Most important, collaborative divorce is a process in which the best interests of children are always top of mind. Collaborative divorce is also much less stressful for children. You can spare them the residual effect of a bitter court battle.
Retaining family ties
When you think of the future, what do you envision? Your children will grow up and go out on their own. They will marry eventually and start a family. You and the other parent will have grandchildren to enjoy. There may be times when the two of you will interact. Chances are, you will see each other in family circumstances, such as attending the weddings of your children or the various events in which your grandchildren will be involved.
If your divorce is a civil affair that is far less contentious than a court battle, your future will begin on solid footing. You will not alienate your ex and in time, you will be able to interact in a respectful manner that will be good for everyone. If preserving family ties is your ultimate goal, collaborative divorce may be the solution.
The hard work that one invests into growing a successful enterprise may be one of the most satisfying experiences in life. If a divorce were to threaten the success of this business, the business owner could be left with little more than shattered dreams. There are steps that Florida residents can take to protect a business in the event of a high asset divorce.
There have been many individuals who have lost all they worked after a dissolution. Instead of suffering such a fate, one can take steps before a marriage to ensure that a business survives in spite of a failed relationship. Those who have worked to start a company are urged to enter into a prenuptial agreement with the intended spouse. Such an agreement can stipulate that the company and its assets will remain in the hands of the original owner if the marriage should end.
If a marriage commences before such a contract was signed, then the two parties may wish to draw up a postnuptial contract. Though these documents are not as secure as a prenup, they may still offer protection for a business. Before either of these agreements are executed, it is important that both parties have their own representative who can ensure that their own best interests are provided for and that the contract is a fair as possible.
It may be helpful to consider these agreements as an insurance policy for a business. The work that one puts into growing a successful venture entitles one to take measures to protect it in the event that a spouse later seeks to obtain a portion of a business that he or she did not take an active interest in before the high asset divorce. Florida residents may wish to consult with a skilled attorney in order to ensure that their own hard work is secured for the future.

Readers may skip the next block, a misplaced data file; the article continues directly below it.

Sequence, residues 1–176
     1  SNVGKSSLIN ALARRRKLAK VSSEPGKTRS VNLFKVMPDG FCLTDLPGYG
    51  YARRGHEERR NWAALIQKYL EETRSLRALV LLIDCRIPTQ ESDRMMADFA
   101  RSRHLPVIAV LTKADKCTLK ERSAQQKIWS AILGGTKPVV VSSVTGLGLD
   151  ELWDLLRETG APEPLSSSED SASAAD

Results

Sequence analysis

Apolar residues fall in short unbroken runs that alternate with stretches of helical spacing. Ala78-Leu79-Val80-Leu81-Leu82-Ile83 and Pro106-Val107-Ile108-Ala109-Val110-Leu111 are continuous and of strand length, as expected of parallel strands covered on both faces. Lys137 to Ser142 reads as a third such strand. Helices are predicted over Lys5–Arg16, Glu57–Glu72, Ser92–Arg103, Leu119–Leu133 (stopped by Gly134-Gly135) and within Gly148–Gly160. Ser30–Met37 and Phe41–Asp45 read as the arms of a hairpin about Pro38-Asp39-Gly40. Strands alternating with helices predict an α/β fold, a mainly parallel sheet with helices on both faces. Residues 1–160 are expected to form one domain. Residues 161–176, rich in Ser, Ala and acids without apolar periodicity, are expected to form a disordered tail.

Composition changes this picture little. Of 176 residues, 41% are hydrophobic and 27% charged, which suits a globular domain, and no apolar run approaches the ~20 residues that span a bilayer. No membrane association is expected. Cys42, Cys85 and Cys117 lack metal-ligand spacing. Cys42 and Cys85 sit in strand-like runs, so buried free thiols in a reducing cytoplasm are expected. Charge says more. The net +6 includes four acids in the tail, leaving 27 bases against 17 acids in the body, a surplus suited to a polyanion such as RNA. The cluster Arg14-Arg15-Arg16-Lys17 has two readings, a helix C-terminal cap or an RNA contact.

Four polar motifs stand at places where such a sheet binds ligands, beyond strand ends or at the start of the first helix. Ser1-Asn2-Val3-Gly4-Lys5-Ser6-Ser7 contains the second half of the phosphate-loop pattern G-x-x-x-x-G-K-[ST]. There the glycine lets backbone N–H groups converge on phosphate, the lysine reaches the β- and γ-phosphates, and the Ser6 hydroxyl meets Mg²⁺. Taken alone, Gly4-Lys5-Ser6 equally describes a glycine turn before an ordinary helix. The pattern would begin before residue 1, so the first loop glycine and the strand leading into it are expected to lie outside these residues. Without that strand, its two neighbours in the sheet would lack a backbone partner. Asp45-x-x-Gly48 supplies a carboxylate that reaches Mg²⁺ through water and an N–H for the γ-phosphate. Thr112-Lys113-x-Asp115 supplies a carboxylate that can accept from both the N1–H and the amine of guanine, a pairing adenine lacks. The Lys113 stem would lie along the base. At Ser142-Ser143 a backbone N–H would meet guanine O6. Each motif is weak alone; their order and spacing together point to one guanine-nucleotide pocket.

Every family is unique in its own way, and no one solution will work for every problem. The same is true when it comes to a divorce. Though most Florida residents may imagine a court room setting for their impending divorce, a collaborative law approach may actually be a better fit.
There are four general categories of divorce. The first one is referred to as a do-it-yourself divorce, which is seldom appropriate except in only a handful of scenarios. The second option, mediation, has the potential to result in an unsatisfactory ending. Mediation requires negotiation and cooperation, which many divorcing couples may not excel at, especially if one party has been the domineering factor in the marriage. The more submissive spouse may wind up agreeing to an unfair settlement rather than assert him- or herself during the process.
A collaborative divorce is another possible option. If the two parties are able to work together with their respective attorneys to resolve the major points of contention and are not seeking a high-asset divorce, then this process may work well, as each party has his or her own attorney who will work to ensure that a settlement is as equitable as possible. Furthermore, this option may reduce conflict for children and result in a less acrimonious process.
The litigation divorce refers to the fact that a lawsuit has been filed for a divorce, which is especially accurate when the dissolution is only desired by one party. Though some cases do require court hearings to resolve more contentious points, the majority of divorces can be settled out of court. A collaborative law approach may especially appeal to Florida residents who wish to keep the proceedings private and are optimistic that they can resolve their differences with the assistance of trained professionals. An experienced attorney can provide information regarding which approach would work best for a particular situation.